Actually only occurs as a chicken. There are plenty of ducks, but unfortunately only as egg suppliers, especially the notorious Balut: well-cooked, boiled duck eggs with embryo, which are sold everywhere on the streets. The dishes listed above: Adobo, Igado, Minudo, Estafado and Mechado are all in a version with chicken instead of pork. The name is simply preceded by “chicken”, so Chicken Adobo, Chicken Estafado, etc.
Chicken curry: one of our favorites, chicken in a delicious coconut curry sauce
Pinola: chicken stew with mixed vegetables and ginger
Pinakbet: mixed vegetables (eggplant, ampalaya, okra, paprika, pumpkin) with bagoong. Bagoong is fermented, salted fish or small shrimp as a spice. The smell is much worse than the taste, but Europeans rarely love the austere taste.
Amapalaya with egg: Bitter melon mixed in pieces with eggs and fried. Often with bacon strips. The taste of bitter melon takes some getting used to, but I like that, for example.
Kaari: White beans and bacon strips in tomato sauce. Delicious.
Talong: Eggplant, boiled with eggs or grilled.
There are often in special, small Pansiterias. Cheap, large portions, filling, so eaten by students. Pasta with sauce and some vegetables, as a luxury version also with eggs or a little meat or liver in soy sauce.Pansit Canton – Philippine wheat noodles.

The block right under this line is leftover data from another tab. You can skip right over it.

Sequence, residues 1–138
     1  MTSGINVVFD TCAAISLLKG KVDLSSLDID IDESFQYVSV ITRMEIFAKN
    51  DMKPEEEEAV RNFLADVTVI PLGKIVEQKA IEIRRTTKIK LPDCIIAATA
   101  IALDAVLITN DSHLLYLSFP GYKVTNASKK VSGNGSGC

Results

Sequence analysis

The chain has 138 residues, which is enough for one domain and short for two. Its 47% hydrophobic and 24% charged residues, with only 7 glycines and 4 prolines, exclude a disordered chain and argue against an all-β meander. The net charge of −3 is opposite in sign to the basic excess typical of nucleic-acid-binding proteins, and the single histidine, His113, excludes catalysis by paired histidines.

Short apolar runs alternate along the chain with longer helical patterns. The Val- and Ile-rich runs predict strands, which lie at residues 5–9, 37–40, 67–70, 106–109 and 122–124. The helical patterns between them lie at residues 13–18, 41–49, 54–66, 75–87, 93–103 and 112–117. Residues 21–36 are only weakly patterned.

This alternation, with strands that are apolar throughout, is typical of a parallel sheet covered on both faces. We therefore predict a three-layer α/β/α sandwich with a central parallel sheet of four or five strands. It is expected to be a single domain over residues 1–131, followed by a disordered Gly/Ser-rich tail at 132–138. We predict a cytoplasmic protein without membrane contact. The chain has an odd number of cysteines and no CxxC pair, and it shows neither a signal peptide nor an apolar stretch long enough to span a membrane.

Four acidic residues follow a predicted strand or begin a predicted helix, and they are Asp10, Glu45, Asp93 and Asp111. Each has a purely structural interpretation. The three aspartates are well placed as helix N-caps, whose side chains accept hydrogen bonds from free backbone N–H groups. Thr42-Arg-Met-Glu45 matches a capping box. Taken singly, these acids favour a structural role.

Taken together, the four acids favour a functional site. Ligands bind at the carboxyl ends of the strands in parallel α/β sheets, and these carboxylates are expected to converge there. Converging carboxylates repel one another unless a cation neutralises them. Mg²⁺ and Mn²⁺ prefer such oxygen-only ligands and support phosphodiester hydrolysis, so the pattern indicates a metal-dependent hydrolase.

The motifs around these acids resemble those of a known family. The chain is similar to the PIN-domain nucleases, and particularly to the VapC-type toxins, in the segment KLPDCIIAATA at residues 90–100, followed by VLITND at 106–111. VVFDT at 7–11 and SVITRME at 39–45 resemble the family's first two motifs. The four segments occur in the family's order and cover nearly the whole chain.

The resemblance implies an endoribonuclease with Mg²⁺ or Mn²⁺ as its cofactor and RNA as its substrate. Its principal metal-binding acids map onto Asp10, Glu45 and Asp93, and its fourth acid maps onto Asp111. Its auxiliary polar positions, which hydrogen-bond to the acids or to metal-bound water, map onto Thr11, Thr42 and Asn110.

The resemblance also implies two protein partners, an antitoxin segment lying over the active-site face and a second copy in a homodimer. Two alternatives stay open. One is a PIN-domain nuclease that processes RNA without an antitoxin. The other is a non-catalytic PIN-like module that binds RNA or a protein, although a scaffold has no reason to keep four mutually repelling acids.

Pansit Bihon – Filipino rice noodles.
Lumpia Shanghai: Small spring rolls with minced meat filling
Lumpia Sariwa: Small spring rolls with vegetable fillingAso is fried dog, Abalin are fried and salted beetles of a certain kind and their larvae. Also grasshoppers and frogs are eaten. With the exception of Aso practically not available in restaurants.
Halo-Halo: A unique blend of canned fruit, crushed ice, sugar and sweet condensed milk. In summer at every street corner for 10 peso, in the restaurant 40 peso. Definitely refreshing.
Leche flan: egg pudding with caramel sauce
Frequently offered in buses and street vendors cost a few cents. Bibingka: Small rubbery cakes of coconut milk and sticky rice. Nothing for dentists.
Fishballs: fish balls made of fish and flour. Probably made from leftovers, so not very tasty.
Turon: banana pieces fried in dough. Tasty, sweet and cheap.
Empanadas: miscellaneous filled dumplingsBallout: the infamous hatched cooked duck eggs with embryo.
Not all restaurants offer alcohol because a separate license is required. Beer is mostly, wine only in more upscale restaurants. Spirits are often not offered even in the restaurants of hotels. Local beer is of very good quality and costs 40 (65 cents) peso per 0.3 liters in the restaurant and about 15 pesos in the store. A glass of coke costs in the restaurant 20 to 35 pesos.
Juices are often not available, and if so, expensive: at least 30 pesos. Local gin is dirt cheap and good – 0.7 liters of Ginebra San Miguel are available at the store for just 50 pesos (80 cents).
Cognac and rum from local production are only marginally more expensive. Good Spanish cognac (Fundador) is much cheaper than in Germany. For wine is with its own luxury tax occupied, which means that the bottle of wine is often more expensive here than in Germany.